Kraftwerk, one of the most important and innovative musical groups of the past half century, played a sonically and visually stunning set to a sold-out crowd at the Cobb Energy Centre on Tuesday night. The joining of their iconic, minimal, cool, controlled dance-friendly songs with four exactly dressed, barely moving musicians and 3D visuals is the culmination of a unified aesthetic whose origins date back to late 1960s Germany.
An appreciative crowd composed equally of old and young fans filled the venue. Many, including me, knew every note and musical phrase, and thus (as with other musical dinosaurs still striding the earth) the show was as much a museum piece as a live performance. And Kraftwerk presents itself as a catalog of music, in two hours packing in most of the key moments from their string of six classic records from 1974 to 1986 and as a unified work of art.
An early version of their current 3D show that initially appeared at MOMA, the Tate Modern in London and elsewhere “confirmed Kraftwerk’s position as major exponents of contemporary German art.”
This 21st-century return to touring was made possible by technology: laptops and software synthesizers allowed the band to recreate its hardware synth works with tablet computers. This also created the iconic look of the tours: four performers standing at four identical podiums – no instruments in sight. Their onstage presence led many early commenters on these tours wondered if they were even playing music, conjecture which was put to rest by Tuesday night’s show.
Kraftwerk’s music and aesthetic has long focused on the “man-machine,” the mirror/alliance/conflict between humans and technology. That the group“performed” was made clear by both the synergy evident between the (three musical and one video) performers, but also by a few lapses, in which the music felt a bit off, or a solo seemed stiff.
These merely human miscues were brief, and largely the unit crafted engaging, living works of electronic music and visuals out of their their well-known catalog. In fact, the moments of confusion at some shaky spots were the honest realization: these are men, not machines! So complete is Kraftwerk’s art of mixing the two that my surprise at those moments was genuine.
Another instance in which the group showed itself more Mensch than Maschine was the occasionally unsure vocals of cofounder Ralf Hütter. Kraftwerk’s vocals walk a line of controlled expressionism: some lyrics (“Neon Lights,” “Computer Love”) are sweetly affectionate, while most are ambiguously or neutral in delivery. In a live setting, this cool delivery is sometimes harder to achieve.
The sweetness of the particularly well-sung “Neon Lights” was balanced by the cautionary, terrifying, “Radioactivity,” the key song in Kraftwerk’s somewhat late, more overt, embrace of art as activism. With a similar shift toward using their music toward political or social change, the lyrics to “Computer World” have been adjusted since 1981. The addition of “KBG / and CIA / Control the data / memory” more clearly states the frightening power of technology.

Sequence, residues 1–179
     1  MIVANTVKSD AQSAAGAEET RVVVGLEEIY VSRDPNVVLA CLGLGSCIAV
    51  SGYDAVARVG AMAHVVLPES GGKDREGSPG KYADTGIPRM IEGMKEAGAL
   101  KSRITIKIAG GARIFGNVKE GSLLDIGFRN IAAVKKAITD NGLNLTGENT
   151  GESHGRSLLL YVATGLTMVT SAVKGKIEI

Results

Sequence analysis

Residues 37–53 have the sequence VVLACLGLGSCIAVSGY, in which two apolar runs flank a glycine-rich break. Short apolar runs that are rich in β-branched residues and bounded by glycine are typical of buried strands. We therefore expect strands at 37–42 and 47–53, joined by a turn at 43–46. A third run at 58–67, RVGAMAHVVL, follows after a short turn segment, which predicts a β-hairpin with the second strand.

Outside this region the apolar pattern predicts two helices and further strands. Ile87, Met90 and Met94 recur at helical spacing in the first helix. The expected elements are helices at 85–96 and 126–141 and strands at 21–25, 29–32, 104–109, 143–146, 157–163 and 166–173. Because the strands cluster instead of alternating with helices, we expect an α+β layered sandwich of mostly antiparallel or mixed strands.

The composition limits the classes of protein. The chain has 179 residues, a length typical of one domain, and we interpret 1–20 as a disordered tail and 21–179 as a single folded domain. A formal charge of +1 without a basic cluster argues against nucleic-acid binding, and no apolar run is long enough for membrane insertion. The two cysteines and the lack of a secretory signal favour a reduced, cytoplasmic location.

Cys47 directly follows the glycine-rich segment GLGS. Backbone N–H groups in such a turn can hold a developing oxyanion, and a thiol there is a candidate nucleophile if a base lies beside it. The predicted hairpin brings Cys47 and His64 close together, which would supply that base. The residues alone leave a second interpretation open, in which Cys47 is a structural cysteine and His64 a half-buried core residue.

“The Man-Machine” too, emphasizes the band’s more thorough approach to making not just electronic music, but art, presenting the band’s leitmotif: the human-technology relationship. As Hütter told Rolling Stone in 2009, “This rhythm, industrial rhythm, that’s what inspires me. It’s in the nature of the machines. Machines are funky.”
Unlike musical acts of the 1960s, looking backward to Enlightenment ideas of peace, love, social justice, and revolution, Kraftwerk looks ahead: to machines gradually infiltrating every aspect of human life. Whether for better or for worse is left unclear: it is simply a fact, and this plainspokenness is emblematic of the band’s lyrics, which are few, direct and declarative (“we are the robots”; “radio-activity/is in the air for you and me”; “I’m the operator with my pocket calculator”).
One member of the quartet live-controlled the graphics paired to each song. Many of the visual passages followed fairly strictly from art created originally in the 1970s and ’80s, simple wireframe images evoking the early days of computer graphics. Often the strongest visuals were the least “3-D” (although the huge Spacelab’s passage over the audience elicited ooh’s and ah’s).
Kraftwerk has long-plumbed questions of autonomy and identity in a machine age, and the semi-anatomically correct Robots that appeared on stage, replacing the performers, for “The Robots” made the point. Four minimally moving humans were replaced by four minimally moving Robots: or had they? (“Hütter said that seeing these robots was no better or worse than seeing the band members themselves. ‘The robots are members of Kraftwerk.’”) The audience certainly loved the Robots, who gyrated through the track, programmed to dance for the crowd’s delight.
The band retains its ambiguous position with respect to the relationship between humans and machines — at times it is wonder-filled, at times ominous. “Spacelab,” a loving paean to spacecrafts’ promise of freedom, played to the crowd with graphics showing a flying saucer eventually coming to rest in front of the Cobb Energy Centre, to joyous cheers from the locals, who clearly wanted to hitch a ride.